Phylogenetic analysis

The phylogenetic relationships among the mycoviruses used for the analysis were inspected and phylogenetic analysis was conducted using the MEGA7 program (http://www.megasoftware.net) to infer the influence of evolutionary processes on codon usage patterns. RdRP coding sequences were aligned with the MUSCLE algorithm, and the phylogenetic tree was constructed by applying the Maximum Likelihood method and the Kimura 2-parameter substitution model. The robustness of the tree was verified with the bootstrap value set to 1000 [20].

Results

Nucleotide composition features

Basic nucleotide composition analysis was conducted for the RdRP gene of mycoviruses infecting Aspergillus spp. (Table 3, Fig. 1). The mean and standard deviation (SD) of A%, C%, U%, and G% were 23.16 ± 4.00, 25.09 ± 5.13, 25.13 ± 3.54, and 26.63 ± 4.04, respectively. The mean and SD of total AU% and GC% were 48.29 ± 6.76 and 51.71 ± 6.76, respectively. The mean and SD of A3s, C3s, U3 s, G3 s, and GC3s were 22.34 ± 8.66, 34.72 ± 12.09, 34.26 ± 10.20, 32.15 ± 7.47, and 53.48 ± 13.45, respectively. AfuPmV-1 showed the lowest frequencies of nucleotides A and U and the highest frequency of nucleotide C among the Aspergillus-infecting mycoviruses included in the analysis. Similarly, the frequencies of the four types of nucleotides in the third position of synonymous codons were the lowest with A3s and U3 s and highest with C3s. As nucleotide C occurred relatively abundantly in AfuPmV-1, the GC content and GC3s indices were highest in this virus with values of 62.74 and 78.30, respectively (Fig. 1). The GC content of AfuPmV-1 was reported to be approximately 63% in a previous study of the entire or partial genome sequences of Polymycoviridae viruses [6]. As a result of the comparison, Group 2 showed a similar pattern to that of AfuPmV-1. The GC content was between 59.97 and 61.98%, and the frequencies of nucleotides at the third position in the synonymous codons were higher in C3s and G3 s than in A3s and U3 s, respectively. Among these, BbPmV-1 is an experimentally reported virus that may be related to mild hypervirulence. The Group 3 results differed from those of Groups 1 and 2 (Table 3).
Table 3

Nucleotide compositions of the RdRP genes of Aspergillus-infecting mycoviruses

CAIH: compare with Homo sapiens as reference set

CAIA: compare with Aspergillus fumigatus as reference set

The dotted line shows the result of AfuPmV-1 analysis, and the solid line shows the result of analysis of polymycoviruses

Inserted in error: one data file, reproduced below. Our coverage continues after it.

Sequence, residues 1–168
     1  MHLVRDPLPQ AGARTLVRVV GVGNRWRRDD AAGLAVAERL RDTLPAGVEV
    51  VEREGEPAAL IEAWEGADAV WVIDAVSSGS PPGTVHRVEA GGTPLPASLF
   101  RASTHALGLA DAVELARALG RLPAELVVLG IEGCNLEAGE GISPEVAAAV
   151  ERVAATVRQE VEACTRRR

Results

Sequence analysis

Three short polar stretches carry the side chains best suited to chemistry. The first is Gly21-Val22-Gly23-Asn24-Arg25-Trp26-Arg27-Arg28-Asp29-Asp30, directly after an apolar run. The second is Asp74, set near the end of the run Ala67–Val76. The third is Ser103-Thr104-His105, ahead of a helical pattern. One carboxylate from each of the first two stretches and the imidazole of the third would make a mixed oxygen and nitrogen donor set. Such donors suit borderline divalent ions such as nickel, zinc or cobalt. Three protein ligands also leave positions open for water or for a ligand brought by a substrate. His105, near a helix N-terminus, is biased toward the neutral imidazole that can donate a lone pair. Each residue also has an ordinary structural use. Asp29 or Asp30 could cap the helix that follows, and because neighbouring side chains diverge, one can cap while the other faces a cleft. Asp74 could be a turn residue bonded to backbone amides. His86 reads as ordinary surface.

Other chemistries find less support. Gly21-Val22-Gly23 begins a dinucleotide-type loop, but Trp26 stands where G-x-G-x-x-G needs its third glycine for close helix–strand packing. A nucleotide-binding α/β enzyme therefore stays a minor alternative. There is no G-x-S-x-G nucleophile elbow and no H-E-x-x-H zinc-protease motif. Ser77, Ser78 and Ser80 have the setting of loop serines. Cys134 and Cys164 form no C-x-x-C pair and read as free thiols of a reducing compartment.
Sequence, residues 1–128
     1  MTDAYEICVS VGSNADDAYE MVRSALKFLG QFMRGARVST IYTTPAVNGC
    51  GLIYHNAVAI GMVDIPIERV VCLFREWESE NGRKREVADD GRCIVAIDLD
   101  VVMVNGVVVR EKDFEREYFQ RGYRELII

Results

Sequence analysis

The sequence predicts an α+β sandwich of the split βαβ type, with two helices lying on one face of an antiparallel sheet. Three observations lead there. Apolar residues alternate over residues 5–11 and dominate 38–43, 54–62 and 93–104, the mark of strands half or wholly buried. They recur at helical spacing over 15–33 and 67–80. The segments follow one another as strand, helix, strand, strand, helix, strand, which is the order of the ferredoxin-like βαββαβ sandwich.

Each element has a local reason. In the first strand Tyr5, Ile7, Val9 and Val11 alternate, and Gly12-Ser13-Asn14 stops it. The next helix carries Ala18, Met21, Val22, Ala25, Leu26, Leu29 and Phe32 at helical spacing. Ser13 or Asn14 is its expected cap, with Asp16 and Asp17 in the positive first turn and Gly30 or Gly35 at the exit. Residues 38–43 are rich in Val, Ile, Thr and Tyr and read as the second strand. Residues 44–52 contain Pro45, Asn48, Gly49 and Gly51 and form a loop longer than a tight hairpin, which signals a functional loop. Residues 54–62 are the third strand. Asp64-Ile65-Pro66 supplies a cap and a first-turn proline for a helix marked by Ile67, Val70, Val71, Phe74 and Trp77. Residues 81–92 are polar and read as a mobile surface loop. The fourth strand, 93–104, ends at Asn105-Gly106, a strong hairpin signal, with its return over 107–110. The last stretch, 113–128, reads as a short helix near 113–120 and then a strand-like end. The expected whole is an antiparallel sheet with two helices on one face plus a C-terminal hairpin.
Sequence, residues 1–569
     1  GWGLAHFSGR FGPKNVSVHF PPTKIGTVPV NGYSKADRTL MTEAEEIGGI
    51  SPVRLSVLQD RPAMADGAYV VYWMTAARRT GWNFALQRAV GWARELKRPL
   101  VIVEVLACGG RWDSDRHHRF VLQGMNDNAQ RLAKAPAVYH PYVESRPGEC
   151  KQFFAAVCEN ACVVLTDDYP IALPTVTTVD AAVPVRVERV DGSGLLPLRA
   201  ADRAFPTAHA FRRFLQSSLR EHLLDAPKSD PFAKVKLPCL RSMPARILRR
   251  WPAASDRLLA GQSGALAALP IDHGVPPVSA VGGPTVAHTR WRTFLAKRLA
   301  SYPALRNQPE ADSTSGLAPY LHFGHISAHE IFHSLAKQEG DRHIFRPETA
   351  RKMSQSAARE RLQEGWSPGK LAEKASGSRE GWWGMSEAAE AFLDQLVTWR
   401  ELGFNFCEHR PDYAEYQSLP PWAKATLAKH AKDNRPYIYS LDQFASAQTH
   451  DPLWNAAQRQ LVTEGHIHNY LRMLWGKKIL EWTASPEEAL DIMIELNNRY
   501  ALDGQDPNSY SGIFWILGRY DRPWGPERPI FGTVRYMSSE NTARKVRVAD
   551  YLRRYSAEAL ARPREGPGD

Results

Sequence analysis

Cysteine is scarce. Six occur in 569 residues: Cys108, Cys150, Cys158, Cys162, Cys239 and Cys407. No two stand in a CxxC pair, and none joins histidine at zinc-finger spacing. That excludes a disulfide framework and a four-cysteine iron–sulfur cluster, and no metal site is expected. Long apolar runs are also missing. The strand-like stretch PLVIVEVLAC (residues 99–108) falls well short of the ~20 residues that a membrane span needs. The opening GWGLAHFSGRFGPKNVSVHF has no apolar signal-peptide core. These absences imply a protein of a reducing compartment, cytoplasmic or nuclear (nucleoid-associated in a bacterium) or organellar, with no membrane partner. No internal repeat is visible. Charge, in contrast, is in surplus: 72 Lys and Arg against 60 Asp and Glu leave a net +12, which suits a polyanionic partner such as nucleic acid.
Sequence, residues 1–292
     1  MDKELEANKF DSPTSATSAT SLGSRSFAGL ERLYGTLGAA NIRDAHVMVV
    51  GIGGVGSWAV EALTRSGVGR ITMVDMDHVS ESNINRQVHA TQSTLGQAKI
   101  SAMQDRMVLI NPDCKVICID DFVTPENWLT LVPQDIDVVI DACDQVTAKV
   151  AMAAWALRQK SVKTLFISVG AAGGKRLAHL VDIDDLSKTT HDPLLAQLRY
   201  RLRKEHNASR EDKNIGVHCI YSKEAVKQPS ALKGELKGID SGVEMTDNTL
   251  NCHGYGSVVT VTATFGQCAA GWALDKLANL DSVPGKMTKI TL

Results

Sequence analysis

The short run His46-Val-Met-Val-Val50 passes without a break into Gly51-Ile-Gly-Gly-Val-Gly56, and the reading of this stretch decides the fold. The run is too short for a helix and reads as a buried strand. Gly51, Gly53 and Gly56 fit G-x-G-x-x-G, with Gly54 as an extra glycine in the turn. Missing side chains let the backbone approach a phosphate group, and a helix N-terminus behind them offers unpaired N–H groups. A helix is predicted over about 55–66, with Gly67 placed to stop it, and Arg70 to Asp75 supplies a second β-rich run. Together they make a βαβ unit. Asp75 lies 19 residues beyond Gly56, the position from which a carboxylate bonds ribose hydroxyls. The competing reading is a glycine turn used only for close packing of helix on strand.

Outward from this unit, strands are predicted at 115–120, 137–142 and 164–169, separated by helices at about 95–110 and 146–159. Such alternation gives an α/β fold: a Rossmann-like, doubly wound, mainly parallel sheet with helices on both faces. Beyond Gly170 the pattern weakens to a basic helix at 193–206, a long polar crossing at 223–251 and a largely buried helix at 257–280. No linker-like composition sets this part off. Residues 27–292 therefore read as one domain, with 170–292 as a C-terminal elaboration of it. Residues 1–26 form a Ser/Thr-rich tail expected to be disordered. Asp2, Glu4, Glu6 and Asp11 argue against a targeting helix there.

Fig. 1
Fig. 1

Nucleotide composition features. a Nucleotide distribution of A, C, U, and G in the RNA-dependent RNA polymerase (RdRp) gene. b Nucleotide distribution frequency calculated only for the third codon base. c Analysis of GC content at all codon positions (GC%) and at the third position (GC3s)

RSCU value and codon usage preference

The RSCU values of AfuPmV-1, AfuCV, and AfuPV-1 of Group1 were compared to inspect the codon usage bias according to virus species (Table 4, Fig. 2). Of codons related to the entire 18 amino acids, 18 codons were preferred in AfuPmv-1 of which 11 showed RSCU values ≥1.6. AfuCV showed 17 preferred codons, three of which had RSCU values ≥1.6. AfuPV had 20 preferred codons, three of which showed RSCU values ≥1.6. AfuPmV-1 showed similarities to AfuCV in codons CAC (His), CAG (Gln) and to AfuPV-1 in codons CUC (Leu) and AUC (Ile). The codons preferred by each virus individually were as follows. The codons solely preferred in AfuPmV-1 were GUC (Val), UAC (Tyr), GAC (Asp), UCC (Ser), CCC (Pro), ACC (Thr), GCC (Ala), UGC (Cys), CGC (Arg), and GGC (Gly) for 10 of the amino acids. Remarkably, all of these were C-ended codons (Fig. 2). Codons solely preferred in AfuCV were CUG (Leu), AUA (Ile), CCG (Pro), GCU (Ala), AGC (Ser), and AGG (Arg) for six of the amino acids, and in AfuPV-1, CUU (Leu), CAU (His), CAA (Gln), UCA (Ser), CCA (Pro), GCA (Ala), GCG (Ala), UGU (Cys), and CGU (Arg) for eight of the amino acids. The codons UUC (Phe), AAC (Asn), AAG (Lys), and GAG (Glu) showed similar preferences in all three viruses. The RSCU values and end nucleotide composition indicated that, in the RdRP coding region, C-ended codons were strongly preferred in AfuPmV-1 (15 of 18), G-ended codons were preferred in AfuCV (7 of 17), and U-ended codons were preferred in AfuPV-1 (8 of 20). Interestingly, there were no A/U-ended codons among the preferred codons of AfuPmV-1, indicating that AfuPmV-1 has a codon bias toward C- and G-ended codons.
Table 4

RSCU analysis of AfuPmV-1, AfuCV, and AfuPV-1

AA

Codon

AfuPmV-1

AfuCV